A NURSE who stole codeine from a North-East hospital has been struck off.

Rachael Louise Hird was caught stealing the drug from the University Hospital of North Durham after suspicious colleagues marked codeine packets with a UV marker pen, a disciplinary hearing heard.

The strips of marked codeine were later found in her make-up bag during a search of her home.

The Nursing and Midwifery Council (NMC) has now decided to strike her off the nursing register following its investigation of the thefts, which happened in August and September 2017.

Their report said: "The panel considered that Miss Hird's behaviour was fundamentally incompatible with her remaining on the register.

"The panel was of the view that Miss Hird's actions were serious and to allow her to remain on the register would undermine public confidence in the profession."

Miss Hird had been employed as a bank nurse by County Durham and Darlington NHS Foundation Trust (CDDFT) when it was noticed medication was going missing from two wards at the Durham city hospital.

Miss Hird was identified as the only member of staff with access to the drugs on all four occasions. The pharmacy then marked a strip of codeine, which was later found at Miss Hird's home, after the missing medication was reported to police.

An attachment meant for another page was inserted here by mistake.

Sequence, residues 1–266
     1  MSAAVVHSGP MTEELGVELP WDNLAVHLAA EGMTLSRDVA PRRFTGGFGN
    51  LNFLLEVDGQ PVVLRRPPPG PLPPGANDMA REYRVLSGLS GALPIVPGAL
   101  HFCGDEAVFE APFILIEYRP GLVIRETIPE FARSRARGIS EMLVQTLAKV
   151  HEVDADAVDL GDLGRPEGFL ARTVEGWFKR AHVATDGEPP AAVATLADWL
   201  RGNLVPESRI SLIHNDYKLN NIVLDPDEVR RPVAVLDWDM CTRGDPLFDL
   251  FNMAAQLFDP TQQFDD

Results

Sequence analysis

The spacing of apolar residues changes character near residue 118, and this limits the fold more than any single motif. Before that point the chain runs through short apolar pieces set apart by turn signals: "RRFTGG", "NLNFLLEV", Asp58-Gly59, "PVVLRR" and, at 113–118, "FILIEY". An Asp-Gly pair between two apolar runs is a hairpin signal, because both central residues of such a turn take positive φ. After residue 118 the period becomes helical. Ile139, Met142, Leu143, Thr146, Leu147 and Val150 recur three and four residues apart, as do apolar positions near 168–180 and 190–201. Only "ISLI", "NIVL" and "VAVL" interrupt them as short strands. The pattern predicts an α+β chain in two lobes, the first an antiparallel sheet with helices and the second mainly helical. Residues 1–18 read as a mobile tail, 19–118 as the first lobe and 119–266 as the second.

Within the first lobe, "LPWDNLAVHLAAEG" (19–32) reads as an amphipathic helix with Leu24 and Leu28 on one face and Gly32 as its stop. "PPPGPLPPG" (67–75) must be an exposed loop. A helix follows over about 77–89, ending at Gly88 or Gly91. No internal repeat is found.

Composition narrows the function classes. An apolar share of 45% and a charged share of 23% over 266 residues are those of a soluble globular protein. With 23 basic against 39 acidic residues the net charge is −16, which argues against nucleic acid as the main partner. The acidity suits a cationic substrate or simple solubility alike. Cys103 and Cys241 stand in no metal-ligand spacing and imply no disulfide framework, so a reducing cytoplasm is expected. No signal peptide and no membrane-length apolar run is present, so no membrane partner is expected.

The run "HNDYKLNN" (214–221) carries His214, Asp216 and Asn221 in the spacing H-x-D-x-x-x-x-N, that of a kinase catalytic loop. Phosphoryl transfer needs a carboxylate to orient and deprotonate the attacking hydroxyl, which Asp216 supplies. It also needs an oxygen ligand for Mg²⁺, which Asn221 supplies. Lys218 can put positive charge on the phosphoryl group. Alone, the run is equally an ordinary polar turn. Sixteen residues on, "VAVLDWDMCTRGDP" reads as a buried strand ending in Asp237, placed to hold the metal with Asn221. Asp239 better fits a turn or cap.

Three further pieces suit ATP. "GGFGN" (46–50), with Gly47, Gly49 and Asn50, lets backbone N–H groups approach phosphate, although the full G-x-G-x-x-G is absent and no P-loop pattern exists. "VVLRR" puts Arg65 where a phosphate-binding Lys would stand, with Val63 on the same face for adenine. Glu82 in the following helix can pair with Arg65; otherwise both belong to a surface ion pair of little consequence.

During an interview, she admitted stealing a number of boxes of codeine, including from A&E, as well as using another person's details to get prescriptions on six to eight occasions.

According to the NMC's report, Miss Hird was arrested on suspicion of fraud in November 2017 after she called a GP surgery in Consett, using someone else's details to request a prescription for dyhydrocodeine and naproxen

During a disciplinary hearing in December 2017, Miss Hird said: "I know what I have done is wrong and I am just sorry I have let the trust down and my managers. I made a big mistake and I am sorry for that."

The panel said it had been given some information about Miss Hird's health and personal circumstances which may have affected her at the time of the incidents but said her actions involved a "significant departure" from the standards expected of a registered nurse.

Their report added: "The panel considered Miss Hird was in a position of trust, where as a nurse, she was responsible for providing safe and effective care to patients.

"It is considered that she abused this position of trust by taking large quantities of medication whilst she was on duty in a clinical environment."

A spokesperson for CCDFT, said, “We thoroughly investigate allegations of wrongdoing and take action as necessary, in the interests of our patients.”

No further police action was taken.